Adam Brandt, global expert on the carbon footprint of fuels, explains why oil sands’ 20% greater greenhouse gas emissions are significant.
The debate over the Keystone XL oil pipeline heated up again last week after the Congressional Research Service issued a report saying the project could raise U.S. greenhouse gas emissions by as much as 21 million metric tons a year—the equivalent of adding 4 million cars to the road.
The Congressional Research Service is a branch of the Library of Congress that conducts policy analysis for lawmakers on Capitol Hill. Released last Tuesday—less than two weeks after TransCanada re-applied for a permit to build the Keystone XL—the report found that crude oil produced from Canadian oil sands (also known as tar sands) emits 14 to 20 percent more planet-warming gases than the conventional oil that is typically found in U.S. refineries.
The report analyzed a number of studies, including a 2011 report by Stanford University professor Adam Brandt, who spoke with InsideClimate News this week about his research.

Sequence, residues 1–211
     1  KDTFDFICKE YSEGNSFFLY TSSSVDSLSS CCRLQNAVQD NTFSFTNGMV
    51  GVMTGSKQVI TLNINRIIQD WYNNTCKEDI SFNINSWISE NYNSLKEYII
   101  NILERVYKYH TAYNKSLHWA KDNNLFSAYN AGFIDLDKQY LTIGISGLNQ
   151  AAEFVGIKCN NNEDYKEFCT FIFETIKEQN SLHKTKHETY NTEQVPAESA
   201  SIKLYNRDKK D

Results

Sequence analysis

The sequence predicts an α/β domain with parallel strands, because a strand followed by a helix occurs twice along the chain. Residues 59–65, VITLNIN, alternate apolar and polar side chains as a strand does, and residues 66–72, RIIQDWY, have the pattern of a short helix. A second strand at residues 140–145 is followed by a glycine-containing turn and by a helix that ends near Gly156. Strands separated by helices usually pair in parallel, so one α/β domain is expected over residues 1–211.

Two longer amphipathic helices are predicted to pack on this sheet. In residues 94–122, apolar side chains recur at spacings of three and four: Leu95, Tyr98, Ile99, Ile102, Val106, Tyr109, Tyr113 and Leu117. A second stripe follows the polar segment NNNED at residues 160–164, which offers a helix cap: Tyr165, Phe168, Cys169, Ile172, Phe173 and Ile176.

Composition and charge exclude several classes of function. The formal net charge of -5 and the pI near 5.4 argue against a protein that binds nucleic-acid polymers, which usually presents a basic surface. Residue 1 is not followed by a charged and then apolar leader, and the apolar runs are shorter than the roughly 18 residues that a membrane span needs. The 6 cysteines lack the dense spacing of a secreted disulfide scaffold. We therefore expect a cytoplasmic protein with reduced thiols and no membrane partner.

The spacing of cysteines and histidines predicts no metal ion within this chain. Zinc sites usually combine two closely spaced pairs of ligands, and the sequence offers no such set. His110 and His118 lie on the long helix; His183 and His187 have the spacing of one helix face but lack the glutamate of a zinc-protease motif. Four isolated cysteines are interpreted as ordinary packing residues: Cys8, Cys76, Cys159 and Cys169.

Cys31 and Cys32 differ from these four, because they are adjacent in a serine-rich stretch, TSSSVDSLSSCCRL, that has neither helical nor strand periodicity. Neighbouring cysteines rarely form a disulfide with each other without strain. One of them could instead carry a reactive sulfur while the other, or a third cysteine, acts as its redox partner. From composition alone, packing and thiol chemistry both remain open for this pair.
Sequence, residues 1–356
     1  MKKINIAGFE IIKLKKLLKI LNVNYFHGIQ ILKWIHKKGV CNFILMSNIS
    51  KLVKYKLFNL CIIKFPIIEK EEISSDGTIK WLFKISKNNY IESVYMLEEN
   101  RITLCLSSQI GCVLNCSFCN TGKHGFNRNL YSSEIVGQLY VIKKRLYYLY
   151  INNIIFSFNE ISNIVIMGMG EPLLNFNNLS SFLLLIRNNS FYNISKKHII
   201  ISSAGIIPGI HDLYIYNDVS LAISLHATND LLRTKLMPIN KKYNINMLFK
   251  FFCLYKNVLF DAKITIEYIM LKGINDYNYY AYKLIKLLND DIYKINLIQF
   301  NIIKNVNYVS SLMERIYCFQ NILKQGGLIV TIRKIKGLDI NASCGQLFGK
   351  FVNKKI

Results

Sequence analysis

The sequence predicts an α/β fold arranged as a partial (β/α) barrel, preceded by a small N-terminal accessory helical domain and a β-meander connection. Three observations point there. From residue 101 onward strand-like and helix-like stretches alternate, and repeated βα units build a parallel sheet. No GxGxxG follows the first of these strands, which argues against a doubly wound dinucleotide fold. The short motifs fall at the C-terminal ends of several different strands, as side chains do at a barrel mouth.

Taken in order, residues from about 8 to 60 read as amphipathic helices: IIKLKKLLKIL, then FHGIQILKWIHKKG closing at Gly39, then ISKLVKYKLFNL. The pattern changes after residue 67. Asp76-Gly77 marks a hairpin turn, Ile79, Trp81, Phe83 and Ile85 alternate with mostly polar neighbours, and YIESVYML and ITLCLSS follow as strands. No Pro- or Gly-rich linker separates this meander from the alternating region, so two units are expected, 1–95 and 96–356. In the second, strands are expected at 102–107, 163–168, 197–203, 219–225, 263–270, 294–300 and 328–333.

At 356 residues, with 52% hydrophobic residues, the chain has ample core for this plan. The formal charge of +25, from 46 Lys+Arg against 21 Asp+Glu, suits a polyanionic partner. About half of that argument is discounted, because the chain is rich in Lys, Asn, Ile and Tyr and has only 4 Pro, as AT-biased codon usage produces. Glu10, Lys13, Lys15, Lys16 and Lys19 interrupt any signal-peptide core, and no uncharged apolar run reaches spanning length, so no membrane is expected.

Brandt is an expert on the greenhouse gas impacts of transportation fuels. His report was commissioned by the European Union, which will decide next year whether to adopt a fuel-quality directive to reduce the transportation sector’s carbon emissions by 20 percent by 2020. The directive would encourage the use of less carbon-intensive fuels by labeling tar sands oil more polluting than other fuels.
In his interview with InsideClimate News, Brandt said that the Canadian oil sands industry opposes the EU directive because it could set a precedent for other countries. Though stuck in legal limbo, regulators in California have already approved a low-carbon fuel standard, and Northeastern states are considering a similar measure. The debate over oil sands will only intensify as the industry seeks to expand.
The Keystone XL is one of many oil sands pipelines slated for construction in the U.S. over the next five years. If approved, it would transport up to 830,000 barrels a day of oil sands from Alberta to Steele City, Neb. From there, the oil would be shipped to the U.S. Gulf Coast for refining and export via a second pending TransCanada pipeline.